Corks pop for KZN community winery
A KZN COMMUNITY views grapes in a new way thanks to a community winery that is empowering people and creating jobs.
Wine vineyards and the Cape are intertwined but a KwaZulu-Natal (KZN) co-operative winery hopes to break this perception with the introduction of a fine coastal wine made with grapes grown in rural vineyards.
The 12 hectares of vineyards are spread across the Ilembe District Municipality in the rural areas of Mandeni, Ndwedwe and Maphumulo. The project is run by a local Ilembe co-operative and supported by the KZN Department of Cooperative Governance and Traditional Affairs, which has injected R19,5 million into the development of the vineyards and processing facility.
Named Seventeen 87 (the year in which Zulu King Shaka was born), the wine not only pays tribute to one of the province’s most legendary leaders but is a proudly KZN product, with all processes done locally. Mandeni Nyoni Ilembe Co-operative supervisor Sipho Gumede is a member of the cooperative and said the business has changed the lives of people in Mandeni.
"We were sitting at home hopeless without jobs but now we are able to take care of our families. To hold this bottle of wine makes me emotional and proud at the same time since this is something l was part of from scratch.”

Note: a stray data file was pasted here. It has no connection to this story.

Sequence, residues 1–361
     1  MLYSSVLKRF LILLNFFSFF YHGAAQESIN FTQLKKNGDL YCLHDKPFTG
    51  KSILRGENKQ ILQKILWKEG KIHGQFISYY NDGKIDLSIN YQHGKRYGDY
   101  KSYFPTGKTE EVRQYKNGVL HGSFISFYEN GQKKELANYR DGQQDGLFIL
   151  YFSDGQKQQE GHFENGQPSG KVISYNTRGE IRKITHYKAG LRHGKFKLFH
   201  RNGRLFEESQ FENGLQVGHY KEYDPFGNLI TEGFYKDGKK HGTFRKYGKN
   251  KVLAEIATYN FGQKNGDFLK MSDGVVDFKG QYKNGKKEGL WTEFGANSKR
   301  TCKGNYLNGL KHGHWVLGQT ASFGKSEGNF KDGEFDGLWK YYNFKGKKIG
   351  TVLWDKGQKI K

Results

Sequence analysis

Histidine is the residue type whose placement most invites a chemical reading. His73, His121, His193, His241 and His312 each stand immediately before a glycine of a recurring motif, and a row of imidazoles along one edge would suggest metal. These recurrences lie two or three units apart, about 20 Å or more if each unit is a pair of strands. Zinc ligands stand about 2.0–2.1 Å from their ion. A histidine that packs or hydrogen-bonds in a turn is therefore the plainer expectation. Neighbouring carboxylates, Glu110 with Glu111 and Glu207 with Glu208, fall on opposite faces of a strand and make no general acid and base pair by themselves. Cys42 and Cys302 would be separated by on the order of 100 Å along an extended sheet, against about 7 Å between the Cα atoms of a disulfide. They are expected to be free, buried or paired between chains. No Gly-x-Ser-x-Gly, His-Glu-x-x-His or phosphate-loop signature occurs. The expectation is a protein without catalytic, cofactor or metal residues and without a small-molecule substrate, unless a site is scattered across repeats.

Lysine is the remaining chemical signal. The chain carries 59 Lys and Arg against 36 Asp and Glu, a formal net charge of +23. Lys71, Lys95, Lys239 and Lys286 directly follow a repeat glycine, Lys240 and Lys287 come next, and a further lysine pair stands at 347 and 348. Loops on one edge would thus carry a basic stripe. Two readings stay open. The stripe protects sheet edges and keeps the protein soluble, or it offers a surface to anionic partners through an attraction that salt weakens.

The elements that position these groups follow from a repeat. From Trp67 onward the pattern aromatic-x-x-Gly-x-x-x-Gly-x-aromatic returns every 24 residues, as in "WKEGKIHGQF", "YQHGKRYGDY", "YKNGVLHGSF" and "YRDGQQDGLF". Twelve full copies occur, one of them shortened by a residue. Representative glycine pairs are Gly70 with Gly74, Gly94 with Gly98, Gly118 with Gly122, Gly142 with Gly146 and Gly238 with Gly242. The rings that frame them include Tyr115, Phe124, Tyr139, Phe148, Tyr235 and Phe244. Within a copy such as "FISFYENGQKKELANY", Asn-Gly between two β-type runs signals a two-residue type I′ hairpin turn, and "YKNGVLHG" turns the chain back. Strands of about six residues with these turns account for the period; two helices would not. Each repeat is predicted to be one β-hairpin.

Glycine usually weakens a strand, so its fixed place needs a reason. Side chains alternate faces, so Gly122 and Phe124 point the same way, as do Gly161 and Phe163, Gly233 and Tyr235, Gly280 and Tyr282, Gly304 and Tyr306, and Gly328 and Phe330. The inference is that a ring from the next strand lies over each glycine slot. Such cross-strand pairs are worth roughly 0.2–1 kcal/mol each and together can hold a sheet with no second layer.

“l now know how to plant, nurture and spray the crops. l am able to pass this knowledge to someone else. I did know about the varieties of grapes but being here l am able to differentiate them,” said Gumede.
He said what he enjoys most about the project is that he is working with members of his community and they are building a business that belongs to them.
Seventeen 87 was introduced at Africa’s Travel Indaba held in Durban recently.
The vineyards in the Mandeni and Maphumulo local municipalities saw their first harvest in February, with the testing of the winery equipment conducted by a viticulturist in the same month.
In the three months that followed, eight tons of grapes were processed and 8 000 litres of wine produced.
Winemaker Daniel Maerkl who was teaching the cooperative how to cultivate the wine explained that the community owns the project and will be empowered to eventually manage all the winery’s processes on their own.